If these rules applied to our captain in this case he would not have been subject to the random test that he was forced to take. He could have declined the test until eight hours had passed or until he was required to report for work at 5 p.m. on the day he was called.
Many pilots and others subject to random tests simply do not answer the company’s telephone calls when at home for the obvious reason. If they don’t get the message to report for a test they cannot be faulted for not appearing.
Unlike illicit drugs, alcoholic beverage consumption is not against the law. Hence they can certainly be consumed legally while off duty and or at home. One of the arguments the company would make is that while in the company hotel (therefore not at home) he was subject to testing.
The company’s egregious conduct … punitive damages
This case is one of manifest unjust conduct on the part of the company concerned. A listing of their conduct which argues for punitive damages in addition to other damages, if it ever gets to trial, follows:
- The company and or their agents erased the tapes of conversations the fired man had with crew scheduling, and HR, thus preventing him from establishing his argument that the testing was unlawful and coercive. Destroying evidence in a legal proceeding intentionally or negligently, is a serious act that could merit punitive damages for a plaintiff. A jury instruction may be given telling the jury that they may assume the erased tapes contained evidence favorable to the plaintiff.
- The company changed the content of their company drug and alcohol manual after the incident, thus trying to get the manual to support the discharge and clean up their act. In the law this is called subsequent remedial conduct and can be used to advantage by a plaintiff. The HR people concerned are the ones who should be sanctioned by the company not the captain.
- The company violated its own regulations and those of the FAA regarding testing procedures. There was absolutely no randomness about this test. The captain was targeted for the test specifically as soon as he arrived. (He already had his pre-employment drug and alcohol testing some months before.)
- The company failed to notify the FAA of the allegedly random positive test within two working days of the event. Section V. C. (1) (2) (3) of FAR 121 Appendix J. This was discovered by FAA auditors who were examining the company’s drug testing records during a scheduled visit to the home office months after the testing incident. The company said this was simply an accidental oversight on its staff’s part. The company may not have ever reported this case and perhaps hoped it would just go away. Is it possible that its failure to inform the FAA was involved with the sensitive nature of the test administered to the captain? Perhaps it was still concerned about the validity of the test and events surrounding the sorid affair?
The regulations state that random tests will be conducted while the employee is performing a safety-sensitive function, just before the employee is to perform safety-sensitive functions, or just after the employee has ceased performing safety-sensitive functions.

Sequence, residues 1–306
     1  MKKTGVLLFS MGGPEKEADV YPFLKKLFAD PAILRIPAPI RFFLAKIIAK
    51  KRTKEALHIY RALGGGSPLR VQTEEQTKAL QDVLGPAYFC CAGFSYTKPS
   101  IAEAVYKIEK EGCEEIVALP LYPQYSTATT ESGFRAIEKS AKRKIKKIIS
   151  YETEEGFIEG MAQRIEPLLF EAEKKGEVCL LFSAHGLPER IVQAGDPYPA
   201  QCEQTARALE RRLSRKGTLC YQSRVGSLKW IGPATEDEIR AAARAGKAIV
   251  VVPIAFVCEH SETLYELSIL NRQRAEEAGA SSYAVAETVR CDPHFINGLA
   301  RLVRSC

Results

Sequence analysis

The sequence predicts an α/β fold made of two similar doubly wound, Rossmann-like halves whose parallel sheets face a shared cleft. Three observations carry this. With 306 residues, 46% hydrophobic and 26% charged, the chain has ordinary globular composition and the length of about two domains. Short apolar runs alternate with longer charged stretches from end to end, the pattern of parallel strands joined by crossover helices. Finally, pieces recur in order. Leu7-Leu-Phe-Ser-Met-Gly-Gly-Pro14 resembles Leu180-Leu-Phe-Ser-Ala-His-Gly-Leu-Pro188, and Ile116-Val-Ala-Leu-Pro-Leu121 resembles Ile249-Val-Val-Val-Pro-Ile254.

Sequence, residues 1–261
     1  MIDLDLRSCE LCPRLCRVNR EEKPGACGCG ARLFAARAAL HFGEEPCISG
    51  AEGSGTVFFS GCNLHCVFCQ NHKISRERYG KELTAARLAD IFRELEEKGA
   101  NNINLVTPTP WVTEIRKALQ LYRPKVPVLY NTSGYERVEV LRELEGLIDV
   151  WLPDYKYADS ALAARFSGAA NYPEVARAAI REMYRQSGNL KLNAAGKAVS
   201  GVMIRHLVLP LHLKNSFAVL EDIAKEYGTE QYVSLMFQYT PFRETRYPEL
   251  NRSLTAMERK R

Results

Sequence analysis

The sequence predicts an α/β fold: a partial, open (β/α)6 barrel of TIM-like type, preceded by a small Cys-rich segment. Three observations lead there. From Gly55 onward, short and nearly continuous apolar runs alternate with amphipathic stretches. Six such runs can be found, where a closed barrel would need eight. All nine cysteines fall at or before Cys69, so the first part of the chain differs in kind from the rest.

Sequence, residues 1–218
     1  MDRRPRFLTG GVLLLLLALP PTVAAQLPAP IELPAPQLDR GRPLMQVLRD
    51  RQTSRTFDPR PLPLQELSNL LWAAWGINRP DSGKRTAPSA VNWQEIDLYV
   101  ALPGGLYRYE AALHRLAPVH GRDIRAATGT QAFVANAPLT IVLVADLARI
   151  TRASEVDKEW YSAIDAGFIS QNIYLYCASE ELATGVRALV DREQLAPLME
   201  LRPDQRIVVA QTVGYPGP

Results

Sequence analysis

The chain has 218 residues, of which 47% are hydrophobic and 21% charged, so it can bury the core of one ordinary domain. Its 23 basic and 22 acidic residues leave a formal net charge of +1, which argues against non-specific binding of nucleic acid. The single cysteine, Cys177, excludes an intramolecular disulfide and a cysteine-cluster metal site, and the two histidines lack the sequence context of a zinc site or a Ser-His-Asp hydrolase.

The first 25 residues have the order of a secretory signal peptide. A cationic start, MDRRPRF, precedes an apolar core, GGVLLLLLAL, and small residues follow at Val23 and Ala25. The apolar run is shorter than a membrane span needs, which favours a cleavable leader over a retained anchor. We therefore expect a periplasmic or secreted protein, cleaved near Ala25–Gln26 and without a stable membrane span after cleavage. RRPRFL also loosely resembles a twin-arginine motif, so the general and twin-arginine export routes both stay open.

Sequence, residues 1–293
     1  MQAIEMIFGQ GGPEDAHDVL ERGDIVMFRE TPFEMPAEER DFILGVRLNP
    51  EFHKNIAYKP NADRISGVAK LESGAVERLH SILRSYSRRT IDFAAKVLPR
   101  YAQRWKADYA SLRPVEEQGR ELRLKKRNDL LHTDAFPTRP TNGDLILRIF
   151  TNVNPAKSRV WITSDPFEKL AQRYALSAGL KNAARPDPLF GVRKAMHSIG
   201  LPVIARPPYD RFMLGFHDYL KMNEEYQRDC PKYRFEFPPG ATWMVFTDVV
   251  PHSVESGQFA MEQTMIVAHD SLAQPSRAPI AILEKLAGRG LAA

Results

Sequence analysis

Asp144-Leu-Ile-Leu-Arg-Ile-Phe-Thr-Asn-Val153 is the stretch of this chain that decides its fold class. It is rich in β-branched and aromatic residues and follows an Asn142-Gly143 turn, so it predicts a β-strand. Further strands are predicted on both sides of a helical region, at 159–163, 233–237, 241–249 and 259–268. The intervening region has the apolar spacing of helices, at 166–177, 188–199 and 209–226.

This language has been interpreted in a variety of ways but it is generally left up to the air carrier to determine the time frame for the random test … The language … just before … for example is usually applicable for pilots when they appear on site for a flight. Many airlines only perform random tests on pilots at the airport site. The same would be true for a mechanic …that is, when he appears at the job site for work. Typically, just before can mean as much as two hours or even less in some cases. When it comes to sanctions a company has discretion under the regulations to apply more stringent requirements than appear in the FARs. For example, in section V, item F (2) of Appendix J, the FAA says that an employer with authority independent of the FAA rules may take any other action otherwise consistent with the law. This has been interpreted to mean that the FAA rules can be enhanced by the employer to make them tougher on employees, including discharge.
FAA action against the employee
When the FAA finally was informed of the positive test it informed the captain that it would seek further investigation of the event and that it would contact him further regarding the matter. Since a pilot is required to have a medical certificate in order to perform his safety-sensitive duty (pilots) he may be grounded (medical certificate is revoked) until he gets a new medical certificate issued after the alcohol test result or refusal to test date.
In this case the FAA received notice several months after the event (because of the internal audit by FAA inspectors) and proceeded to investigate the company actions. Its findings resulted in the expungement from its records of the positive test! The inspectors just did not conclude that the case merited any action at all. This was good news for the captain but did not provide much relief since he lost his job anyway and the taint of the positive test would follow him for some time to come. A question remains as to whether or not the company has a duty to correct the PRIA report that informed of the positive test.
The district court result
In response to the captain’s complaint the company filed papers asking the court to grant Summary Judgment on the basis that Nevada was an “at will” state. This means that the company could discharge any employee for no reason at all and therefore all of the other facts and circumstances of the case were not relevant. The court agreed and stated that there was no compelling public policy exception to the “at will” rule of Nevada and further that Nevada had not expressed that compliance with federal aviation law is the public policy of the State of Nevada. No other relevant facts and circumstances of the case were even considered.
The Judge said that Nevada would not extend the narrow exception of the “at will” standard to the present situation and granted Summary Judgment to the company. The captain lost!
This was a stunning result that many believe to be out of line with current law.
An appeal to the 9th Circuit Court of Appeals is pending. Your thoughts and comments are welcome at email@example.com.
Nevada Fed. District Court No. 2:05-cv-01414 PMP
Stephen P. Prentice is an attorney whose practice involves FAA-NTSB issues. He has an Airframe and Powerplant certificate and is an ATP rated pilot. He worked with Western Airlines and the Allison Division of GMC in Latin America, servicing commercial and military overhaul activities and is a USAF veteran. E-mail: firstname.lastname@example.org